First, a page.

Sleep abnormalities and addictive substance use

Recently published in Addiction Science & Clinical Practice, researchers look at the sleep abnormalities associated with the use of substances such as alcohol, cannabis and cocaine. So what did they find? Senior author Peter Morgan explains more here.

Sleeping poorly and not getting enough sleep are widespread problems. These problems have grown in magnitude with the advent of the technological age. The widespread availability of the incandescent light bulb starting roughly a century ago ushered in a new era in the human relationship with sleep.

Regulating our sleeping habits

No longer are sleep schedules largely dictated by the availability of sunlight, and the average number of hours that those of us in industrialized countries sleep has dropped from around nine hours a hundred years ago to less than seven hours today.

Many people with poor or insufficient sleep turn to substances to either help them sleep, or help them stay awake and alert. Stimulants like caffeine, amphetamines, cocaine, and modafinil promote wakefulness and focus, even in someone who is sleep deprived. People use alcohol, cannabis, and sleeping pills, on the other hand, to help them fall asleep.

Although using substances like these may help with those problems temporarily, research over the past 20 years has shown that using them regularly may create or worsen sleep problems.

Although using substances like these may help with those problems temporarily, research over the past 20 years has shown that using them regularly may create or worsen sleep problems. The review article my colleagues and I wrote brings together the research done on sleep and the use of alcohol, cocaine, cannabis, and opioids (like heroin, methadone, and suboxone).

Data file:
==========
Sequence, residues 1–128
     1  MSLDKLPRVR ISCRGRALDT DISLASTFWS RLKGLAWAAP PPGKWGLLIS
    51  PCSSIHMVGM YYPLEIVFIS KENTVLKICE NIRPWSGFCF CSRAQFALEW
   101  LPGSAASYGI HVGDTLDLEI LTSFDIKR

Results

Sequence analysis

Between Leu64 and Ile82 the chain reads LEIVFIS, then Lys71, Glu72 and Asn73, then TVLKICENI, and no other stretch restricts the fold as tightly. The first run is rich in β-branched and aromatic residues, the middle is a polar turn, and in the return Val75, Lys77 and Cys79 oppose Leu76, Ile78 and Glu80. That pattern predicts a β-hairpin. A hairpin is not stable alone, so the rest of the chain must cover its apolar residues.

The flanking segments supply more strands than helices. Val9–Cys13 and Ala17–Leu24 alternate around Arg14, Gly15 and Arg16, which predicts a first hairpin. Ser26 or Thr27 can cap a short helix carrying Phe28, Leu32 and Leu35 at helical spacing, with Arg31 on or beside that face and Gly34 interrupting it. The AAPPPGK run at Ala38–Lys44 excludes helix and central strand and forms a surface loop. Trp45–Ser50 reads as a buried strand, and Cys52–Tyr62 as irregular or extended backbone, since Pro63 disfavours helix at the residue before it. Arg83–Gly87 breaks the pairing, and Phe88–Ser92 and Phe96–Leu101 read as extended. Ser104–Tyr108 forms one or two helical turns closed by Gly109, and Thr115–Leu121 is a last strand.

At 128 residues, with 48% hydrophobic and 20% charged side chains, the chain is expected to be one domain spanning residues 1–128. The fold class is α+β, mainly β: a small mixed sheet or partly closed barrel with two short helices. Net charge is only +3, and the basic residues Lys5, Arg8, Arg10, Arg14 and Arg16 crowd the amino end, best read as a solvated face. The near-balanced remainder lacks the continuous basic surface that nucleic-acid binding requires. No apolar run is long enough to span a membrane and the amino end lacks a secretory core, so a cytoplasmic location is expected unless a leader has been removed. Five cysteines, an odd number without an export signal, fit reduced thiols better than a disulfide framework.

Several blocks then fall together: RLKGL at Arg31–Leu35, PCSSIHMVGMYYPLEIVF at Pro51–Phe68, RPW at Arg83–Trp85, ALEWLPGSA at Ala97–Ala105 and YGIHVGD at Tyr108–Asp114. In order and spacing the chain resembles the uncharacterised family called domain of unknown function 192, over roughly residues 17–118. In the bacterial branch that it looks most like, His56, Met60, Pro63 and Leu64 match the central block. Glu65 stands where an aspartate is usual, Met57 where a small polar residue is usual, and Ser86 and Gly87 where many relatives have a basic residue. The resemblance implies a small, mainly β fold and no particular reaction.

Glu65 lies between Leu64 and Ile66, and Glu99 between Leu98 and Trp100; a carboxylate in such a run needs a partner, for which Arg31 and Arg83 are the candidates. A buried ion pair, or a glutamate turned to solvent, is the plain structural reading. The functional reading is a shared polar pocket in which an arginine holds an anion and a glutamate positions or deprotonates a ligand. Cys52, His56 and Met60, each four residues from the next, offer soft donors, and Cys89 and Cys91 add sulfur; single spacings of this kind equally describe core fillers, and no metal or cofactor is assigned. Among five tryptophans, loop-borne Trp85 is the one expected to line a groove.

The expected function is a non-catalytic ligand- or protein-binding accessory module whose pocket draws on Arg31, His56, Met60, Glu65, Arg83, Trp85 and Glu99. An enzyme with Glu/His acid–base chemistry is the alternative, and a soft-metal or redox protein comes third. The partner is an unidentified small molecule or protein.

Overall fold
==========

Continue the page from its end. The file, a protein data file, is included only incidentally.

What did we find?

Our review of the medical literature found that chronic use of these substances leads to problems falling asleep and problems getting enough sleep, particularly the deep sleep that is essential for many normal brain functions like learning and memory.

It is interesting that chronic use of any of these substances led to similar (but not identical) problems with sleep, no matter if the substance was a stimulant like cocaine or a central nervous system depressant like alcohol. Another important finding is that the sleep problems caused by chronic use of these substances may last for months or years, even after the person stops using the substance.

What do our results mean?

One important implication is that people who are trying to stop using substances may require treatment from a medical professional to help them get better sleep.

These findings have many implications. One important implication is that people who are trying to stop using substances may require treatment from a medical professional to help them get better sleep.

If not, studies have shown that persistent poor sleep leads to more relapses to substance use. Another important implication is that people who regularly use substances to help them sleep or stay awake may be making their sleep worse, and putting themselves at greater risk of becoming dependent on the substance.

Today, people are faced with many pressures that make staying awake longer and sleeping less seem necessary to get ahead or even just get by. Unfortunately, using addictive substances to help stay awake or fall asleep leads to more serious problems with sleep that may become chronic.

Poor or insufficient sleep leads people to make mistakes, exercise poor judgment, have accidents, have difficulty regulating their emotions, and achieve less – cognitively and physically – than with adequate sleep. A cultural shift, informed by science, may be required to promote healthier sleep and less reliance on substances for temporary gains at the expense of long-term health.

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